The House last night rejected another attempt at compromise with the Senate on the delicate issue of federal funding for abortions, again delaying a $61.1 billion approciation bill.
Authors of the latest attempt blamed "right to life" lobbyists for again producing the votes to block a compromise.
As a result of last night's 205 to 183 vote, funding for the Department of Labor and of Health, Education and Welfare will end at midnight tonight. Both houses could pass a continuing resolution that would allow those departments to pay salaries and continue their programs. But Sen. Edward W. Brooke (R-mass.) said yesterday he would do everything he could to prevent passage of any continuing resolution that did not resolve the abortion question.
The compromise that failed yesterday would have permitted federal funding of abortions for women who were the victims of rape or incest "when such rape or incest has been reported to a law enforcement agency or public health service or its equivalent."
The Senate approved this language, 44 to 21, at 5 p.m. yesterday and forwarded it to the House. Two hours and 10 minutes later the House had rejected it.
Since the abortion debate began last year, the House has repeatedly voted for the so-called Hyde amendment, named for Rep. Henry J. Hyde (R-Ill.), which preclude any federal money for abortions through the Medicaid program "except where the life of the mother would be endangered" if the pregnancy was carried to term.
At the beginning of this month, the House rejected an attemptedt to cover victims of rape and incest, apparently on the grounds it was too vague. Yesterday a second-term House Democrat from Washington, Don Bonker, sought to make the definitions more explicit, suggesting a compromise that would require cases of rape and incest to be reported to an official agency before an abortion could be performed.
The new language was speedily and unexpectedly brought to a vote in both houses - but, proponents of the compromise said, not speedily enough to oumaneuver the ingenious and determined anti-abortion lobby.
At mid-afternoon yesterday, Bonker said he thought he had a good chance of winning over enough liberal congressmen who - like himself - had previously supported the Hyde amendment.But he said the vote would have to be take quickly because oppponents of abortion would mobilize opposition as soon as they learned of the new compromise language.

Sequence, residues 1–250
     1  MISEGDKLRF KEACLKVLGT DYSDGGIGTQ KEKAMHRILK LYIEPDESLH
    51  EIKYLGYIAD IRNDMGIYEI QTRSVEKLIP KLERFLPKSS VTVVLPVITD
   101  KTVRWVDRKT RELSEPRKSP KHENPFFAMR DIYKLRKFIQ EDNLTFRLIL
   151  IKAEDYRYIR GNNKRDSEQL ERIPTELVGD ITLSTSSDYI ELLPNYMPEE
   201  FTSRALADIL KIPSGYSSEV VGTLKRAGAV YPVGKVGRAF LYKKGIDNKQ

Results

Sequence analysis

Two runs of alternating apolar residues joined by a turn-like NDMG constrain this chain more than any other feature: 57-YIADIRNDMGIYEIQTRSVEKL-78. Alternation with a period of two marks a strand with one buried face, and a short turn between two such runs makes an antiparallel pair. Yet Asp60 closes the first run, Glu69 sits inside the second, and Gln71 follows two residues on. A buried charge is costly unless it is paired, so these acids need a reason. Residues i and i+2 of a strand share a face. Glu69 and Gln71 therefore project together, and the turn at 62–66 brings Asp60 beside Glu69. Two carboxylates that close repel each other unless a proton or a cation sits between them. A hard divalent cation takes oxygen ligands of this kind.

Several hours later, as House debate on the compromise began, Bonker acknowledged that he had failed. He indicated that the anti-abortionists had again prevailed.
Sponsors of the new compromise were unable to predict yesterday exactly what its practical effects might have been had both houses adopted it. Sen. Richard S. Schwelker (R-Pa.), an outspoken opponent of abortion, predicted that the new language woud have allowed perhaps 100,000 Medicaid abortions a year.
A pregnant teenager below the age of consent (which varies from state to state) could claim to be the victim of statutory rape, and therefore eligible for Medicaid abortion, Schwelker said.
Schweiker also said that the reporting requirements for a rape or a case of incest - which Brooke acknowledged were "weak" - would invite fradulent claims of rape or incest by preganant women seeking medicaid abortions. Brooke replied that "there is no evidence to support such a contention."
For the first time yesterday, House Majority Leader Jim Wright (D-Tex.) spoke out on behalf of compromise on the abortion issue, urging the House to approve the new language, not because it was ideal but because it was "the best that we can do." But this support from the leadership had no apparent effect on the outcome of the vote, which was nearly identical to the House's rejection of the last proposed compromise in early November.